Format

Send to

Choose Destination
See comment in PubMed Commons below
Eur Respir J. 2003 May;21(5):743-8.

Tidal expiratory flow limitation, dyspnoea and exercise capacity in patients with bilateral bronchiectasis.

Author information

  • 1Dept of Respiratory Medicine, Respiratory Function Laboratory, University of Athens Medical School, Sotiria Hospital, Athens, Greece. koulnik@med.uoa.gr

Abstract

In this study the authors investigated whether expiratory flow limitation (FL) is present during tidal breathing in patients with bilateral bronchiectasis (BB) and whether it is related to the severity of chronic dyspnoea (Medical Research Council (MRC) dyspnoea scale), exercise capacity (maximal mechanical power output (WRmax)) and severity of the disease, as assessed by high-resolution computed tomography (HRCT) scoring. Lung function, MRC dyspnoea, HRCT score, WRmax and FL were assessed in 23 stable caucasian patients (six males) aged 56 +/- 17 yrs. FL was assessed at rest both in seated and supine positions. To detect FL, the negative expiratory pressure (NEP) technique was used. The degree of FL was rated using a five-point FL score. WRmax was measured using a cyclo-ergometer. According to the NEP technique, five patients were FL during resting breathing when supine but not seated, four were FL both seated and supine, and 14 were NFL both seated and supine. Furthermore, it was shown that: 1) in stable BB patients FL during resting breathing is common, especially in the supine position; 2) the degree of MRC dyspnoea is closely related to the five-point FL score; 3) WRmax (% pred) is more closely correlated with the MRC dyspnoea score than with the five-point FL score; and 4) HRCT score is closely related to forced expiratory volume in one second % pred but not five-point FL score. In conclusion, flow limitation is common at rest in sitting and supine positions in patients with bilateral bronchiectasis. Flow limitation and reduced exercise capacity are both associated with more severe dyspnoea. Finally, high-resolution computed tomography scoring correlates best with forced expiratory volume in one second.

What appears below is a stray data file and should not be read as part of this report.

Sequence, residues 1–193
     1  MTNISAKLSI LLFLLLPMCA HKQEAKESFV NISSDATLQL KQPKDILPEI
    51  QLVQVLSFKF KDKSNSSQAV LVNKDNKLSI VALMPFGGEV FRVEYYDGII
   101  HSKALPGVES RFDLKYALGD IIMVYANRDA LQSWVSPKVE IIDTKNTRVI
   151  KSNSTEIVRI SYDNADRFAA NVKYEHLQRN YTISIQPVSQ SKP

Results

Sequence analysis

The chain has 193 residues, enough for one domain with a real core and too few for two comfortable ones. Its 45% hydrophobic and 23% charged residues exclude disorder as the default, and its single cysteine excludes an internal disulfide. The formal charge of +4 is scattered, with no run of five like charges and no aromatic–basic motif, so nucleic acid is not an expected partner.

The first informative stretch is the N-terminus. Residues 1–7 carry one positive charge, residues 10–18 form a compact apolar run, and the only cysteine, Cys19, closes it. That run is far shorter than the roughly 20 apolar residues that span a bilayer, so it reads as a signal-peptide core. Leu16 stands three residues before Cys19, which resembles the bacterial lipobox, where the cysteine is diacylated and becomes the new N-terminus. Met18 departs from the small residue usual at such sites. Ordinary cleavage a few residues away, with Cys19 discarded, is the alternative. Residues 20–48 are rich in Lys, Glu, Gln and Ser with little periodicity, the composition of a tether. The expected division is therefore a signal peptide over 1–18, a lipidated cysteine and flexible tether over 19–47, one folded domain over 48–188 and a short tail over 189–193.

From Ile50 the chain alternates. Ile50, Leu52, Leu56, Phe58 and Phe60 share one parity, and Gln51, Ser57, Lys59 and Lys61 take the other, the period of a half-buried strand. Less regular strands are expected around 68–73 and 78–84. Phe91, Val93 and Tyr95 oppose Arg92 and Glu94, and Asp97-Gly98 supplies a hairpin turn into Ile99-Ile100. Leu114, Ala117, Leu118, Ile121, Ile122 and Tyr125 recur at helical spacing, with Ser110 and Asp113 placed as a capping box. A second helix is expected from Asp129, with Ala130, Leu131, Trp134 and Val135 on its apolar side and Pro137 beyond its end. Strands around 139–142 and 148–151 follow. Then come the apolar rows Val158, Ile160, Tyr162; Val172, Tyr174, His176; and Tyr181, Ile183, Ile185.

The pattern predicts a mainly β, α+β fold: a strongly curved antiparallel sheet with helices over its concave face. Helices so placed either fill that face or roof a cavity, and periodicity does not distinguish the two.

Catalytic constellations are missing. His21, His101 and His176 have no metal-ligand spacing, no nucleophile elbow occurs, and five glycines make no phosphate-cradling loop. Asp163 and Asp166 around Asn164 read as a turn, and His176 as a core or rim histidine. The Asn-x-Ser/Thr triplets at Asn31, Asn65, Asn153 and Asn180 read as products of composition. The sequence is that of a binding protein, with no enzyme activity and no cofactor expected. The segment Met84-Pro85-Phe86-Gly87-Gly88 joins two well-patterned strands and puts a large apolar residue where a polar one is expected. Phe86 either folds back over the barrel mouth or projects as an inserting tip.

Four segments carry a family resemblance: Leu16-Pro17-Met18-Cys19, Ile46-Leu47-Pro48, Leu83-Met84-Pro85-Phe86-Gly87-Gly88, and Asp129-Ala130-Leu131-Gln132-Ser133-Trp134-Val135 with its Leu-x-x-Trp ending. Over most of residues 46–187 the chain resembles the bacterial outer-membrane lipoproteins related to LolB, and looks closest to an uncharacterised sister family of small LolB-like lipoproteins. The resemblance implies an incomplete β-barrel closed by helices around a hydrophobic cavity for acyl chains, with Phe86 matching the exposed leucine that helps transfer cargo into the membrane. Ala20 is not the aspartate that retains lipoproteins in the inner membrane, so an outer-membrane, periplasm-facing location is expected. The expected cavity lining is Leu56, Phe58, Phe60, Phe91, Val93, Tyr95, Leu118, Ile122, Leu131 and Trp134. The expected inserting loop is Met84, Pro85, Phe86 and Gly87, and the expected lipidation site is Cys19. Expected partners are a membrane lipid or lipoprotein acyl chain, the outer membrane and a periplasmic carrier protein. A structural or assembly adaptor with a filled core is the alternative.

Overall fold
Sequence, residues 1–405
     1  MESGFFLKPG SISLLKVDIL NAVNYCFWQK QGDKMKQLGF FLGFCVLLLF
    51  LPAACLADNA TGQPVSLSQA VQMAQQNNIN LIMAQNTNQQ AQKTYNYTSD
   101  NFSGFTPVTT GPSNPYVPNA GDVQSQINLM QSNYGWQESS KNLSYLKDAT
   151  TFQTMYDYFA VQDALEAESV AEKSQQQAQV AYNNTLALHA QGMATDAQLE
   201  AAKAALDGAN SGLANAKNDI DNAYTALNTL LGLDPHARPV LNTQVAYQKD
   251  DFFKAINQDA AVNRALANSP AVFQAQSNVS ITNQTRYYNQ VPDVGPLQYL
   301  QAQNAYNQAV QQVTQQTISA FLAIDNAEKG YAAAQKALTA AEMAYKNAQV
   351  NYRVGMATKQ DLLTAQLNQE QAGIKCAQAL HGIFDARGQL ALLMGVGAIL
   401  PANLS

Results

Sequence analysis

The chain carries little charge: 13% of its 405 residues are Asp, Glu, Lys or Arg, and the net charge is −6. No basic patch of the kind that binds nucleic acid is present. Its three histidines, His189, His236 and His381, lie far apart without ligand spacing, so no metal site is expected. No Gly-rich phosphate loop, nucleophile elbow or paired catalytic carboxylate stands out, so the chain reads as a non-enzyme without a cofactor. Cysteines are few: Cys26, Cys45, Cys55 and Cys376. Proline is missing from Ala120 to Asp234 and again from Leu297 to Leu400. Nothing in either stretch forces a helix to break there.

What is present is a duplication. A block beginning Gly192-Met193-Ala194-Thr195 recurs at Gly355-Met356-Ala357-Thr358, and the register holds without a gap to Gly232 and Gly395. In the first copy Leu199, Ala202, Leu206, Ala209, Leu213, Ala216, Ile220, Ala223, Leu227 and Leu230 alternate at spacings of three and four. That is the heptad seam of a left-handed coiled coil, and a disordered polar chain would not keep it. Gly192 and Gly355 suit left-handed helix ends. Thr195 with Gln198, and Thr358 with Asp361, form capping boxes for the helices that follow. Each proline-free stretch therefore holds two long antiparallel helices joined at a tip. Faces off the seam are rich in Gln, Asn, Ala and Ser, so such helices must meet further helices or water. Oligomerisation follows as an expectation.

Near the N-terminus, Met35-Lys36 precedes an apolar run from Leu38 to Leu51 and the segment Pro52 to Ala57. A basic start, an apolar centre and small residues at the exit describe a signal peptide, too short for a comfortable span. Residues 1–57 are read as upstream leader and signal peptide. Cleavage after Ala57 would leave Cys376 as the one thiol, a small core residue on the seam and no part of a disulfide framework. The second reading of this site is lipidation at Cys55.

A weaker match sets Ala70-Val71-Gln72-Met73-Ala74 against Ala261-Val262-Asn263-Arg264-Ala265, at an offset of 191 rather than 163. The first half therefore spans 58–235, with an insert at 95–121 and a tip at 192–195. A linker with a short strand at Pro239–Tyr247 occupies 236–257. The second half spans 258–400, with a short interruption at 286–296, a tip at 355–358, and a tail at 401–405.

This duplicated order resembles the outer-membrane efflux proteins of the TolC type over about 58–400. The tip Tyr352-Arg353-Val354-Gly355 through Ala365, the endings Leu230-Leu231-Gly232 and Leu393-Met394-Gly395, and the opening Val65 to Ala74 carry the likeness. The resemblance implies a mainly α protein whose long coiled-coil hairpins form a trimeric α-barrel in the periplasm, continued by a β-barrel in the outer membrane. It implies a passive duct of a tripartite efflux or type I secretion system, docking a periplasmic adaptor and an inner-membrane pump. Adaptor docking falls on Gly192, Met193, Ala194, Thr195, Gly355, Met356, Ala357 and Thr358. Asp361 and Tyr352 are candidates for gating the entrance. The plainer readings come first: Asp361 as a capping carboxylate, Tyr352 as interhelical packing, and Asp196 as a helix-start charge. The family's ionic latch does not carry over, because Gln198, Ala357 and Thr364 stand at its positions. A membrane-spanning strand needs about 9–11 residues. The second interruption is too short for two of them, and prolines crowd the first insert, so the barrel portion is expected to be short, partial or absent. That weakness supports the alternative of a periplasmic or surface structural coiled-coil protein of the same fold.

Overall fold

PMID:
12765414
[PubMed - indexed for MEDLINE]
Free full text
PubMed Commons home

PubMed Commons

0 comments
How to join PubMed Commons

    Supplemental Content

    Full text links

    Icon for HighWire
    Loading ...
    Support Center